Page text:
GDP growth, at 4.7 percent, is Greece’s fastest in 25 years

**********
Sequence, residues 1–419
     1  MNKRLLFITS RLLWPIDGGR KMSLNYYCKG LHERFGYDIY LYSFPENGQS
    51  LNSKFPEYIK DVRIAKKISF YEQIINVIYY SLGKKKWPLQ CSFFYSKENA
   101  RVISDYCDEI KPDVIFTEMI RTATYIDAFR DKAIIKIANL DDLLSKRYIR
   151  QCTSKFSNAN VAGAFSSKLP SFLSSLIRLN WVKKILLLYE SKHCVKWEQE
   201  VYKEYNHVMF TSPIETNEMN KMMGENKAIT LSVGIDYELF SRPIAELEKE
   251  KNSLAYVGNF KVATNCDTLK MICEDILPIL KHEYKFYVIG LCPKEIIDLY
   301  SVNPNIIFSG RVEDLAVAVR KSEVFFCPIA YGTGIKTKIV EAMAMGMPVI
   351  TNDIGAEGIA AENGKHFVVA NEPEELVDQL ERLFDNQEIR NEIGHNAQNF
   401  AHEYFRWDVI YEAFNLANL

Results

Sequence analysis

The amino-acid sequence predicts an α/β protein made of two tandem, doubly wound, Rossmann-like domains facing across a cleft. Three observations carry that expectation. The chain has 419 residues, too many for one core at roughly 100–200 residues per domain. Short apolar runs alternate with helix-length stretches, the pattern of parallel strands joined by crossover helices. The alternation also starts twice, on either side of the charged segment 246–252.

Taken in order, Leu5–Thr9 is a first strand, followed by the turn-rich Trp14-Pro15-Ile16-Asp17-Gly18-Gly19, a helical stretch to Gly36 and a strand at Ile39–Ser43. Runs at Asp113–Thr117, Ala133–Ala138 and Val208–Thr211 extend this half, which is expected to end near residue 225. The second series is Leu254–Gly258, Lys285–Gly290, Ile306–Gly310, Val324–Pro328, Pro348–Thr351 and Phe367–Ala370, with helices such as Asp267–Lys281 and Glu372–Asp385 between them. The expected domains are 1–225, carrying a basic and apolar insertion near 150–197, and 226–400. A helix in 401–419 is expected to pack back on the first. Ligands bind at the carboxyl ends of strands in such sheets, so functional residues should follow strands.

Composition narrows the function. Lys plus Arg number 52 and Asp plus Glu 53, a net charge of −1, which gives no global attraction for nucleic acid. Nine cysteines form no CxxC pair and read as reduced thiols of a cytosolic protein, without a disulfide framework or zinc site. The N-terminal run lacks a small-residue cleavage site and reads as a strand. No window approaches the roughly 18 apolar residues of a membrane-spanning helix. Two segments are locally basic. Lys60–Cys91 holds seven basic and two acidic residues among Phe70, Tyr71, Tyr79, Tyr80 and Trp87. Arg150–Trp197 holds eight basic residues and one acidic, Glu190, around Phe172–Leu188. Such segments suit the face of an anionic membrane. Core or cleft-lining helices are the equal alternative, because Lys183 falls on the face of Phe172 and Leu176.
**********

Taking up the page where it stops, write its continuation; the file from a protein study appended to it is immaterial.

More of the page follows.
Greece’s gross domestic product (GDP) rose 4.7 percent year-on-year in 2003, the fastest such rise in 25 years, according to preliminary data released yesterday by the National Statistics Service (NSS). The initial forecast was for 4.2 percent growth, but a very good third quarter, when GDP rose 5.3 percent, combined with a 5 percent growth in the final quarter, helped the Greek economy overshoot earlier estimates. NSS data also revealed that total demand – consumption, investments and exports – rose 5.2 percent. Specifically, consumption rose 4.3 percent, investment 11.6 percent and exports 1.6 percent. Imports rose 3.7 percent, however, which means that Greece’s competitiveness has been further undermined. The data was announced yesterday by Economy and Finance Minister Nikos Christodoulakis in his final press conference as minister ahead of the March 7 election. Christodoulakis seized the chance to recapitulate his record in office, since his appointment on October 24, 2001. He emphasized the high growth rate and the fact that inflation has slowed to an annual pace of 2.9 percent in January. Stability Pact Christodoulakis also referred to the approval, on Tuesday, by the council of EU finance ministers (Ecofin) of Greece’s updated Stability and Growth Program, which includes forecasts on a range of major economic indicators covering the period 2004-2008. He avoided, however, any mention of Ecofin’s serious reservations as to the viability of the forecasts and its opinion that the estimates were optimistic. Ecofin also warned Greece that its 20004 budget deficit risked exceeding the 3 percent (of GDP) limit imposed by the Maastricht Treaty. Christodoulakis predicted that the European Commission’s proposal for funding the Fourth Community Support Framework (CSFIV) program will provide «significant» funding for Greece. CSFIII, which runs from 2000-2006, includes investments worth more than 50 billion euros. About half is EU financing, with the rest coming from the State and private sectors. It is through CSFIII that the major infrastructure projects under way, which have helped boost GDP growth, are financed. CSFIV funds will have to reach the 10 newcomers to the EU plus Bulgaria and Romania. Christodoulakis said negotiations on CSFIV would be tough. Already, the Commission’s proposal to increase the EU budget by 60 percent in the period ending in 2013 has provoked fierce reaction from the net contributors, who want to reduce their participation, not see it increase. The same reaction would probably greet a Commission proposal for huge funds for CSFIV. Before talking to reporters yesterday, Christodoulakis met with Development Minister Akis Tsochadzopoulos. The two discussed pending issues, such as the ongoing negotiations with Spain’s Gas Natural, which is interested in acquiring a 35 percent stake in the Public Gas Corporation (DEPA).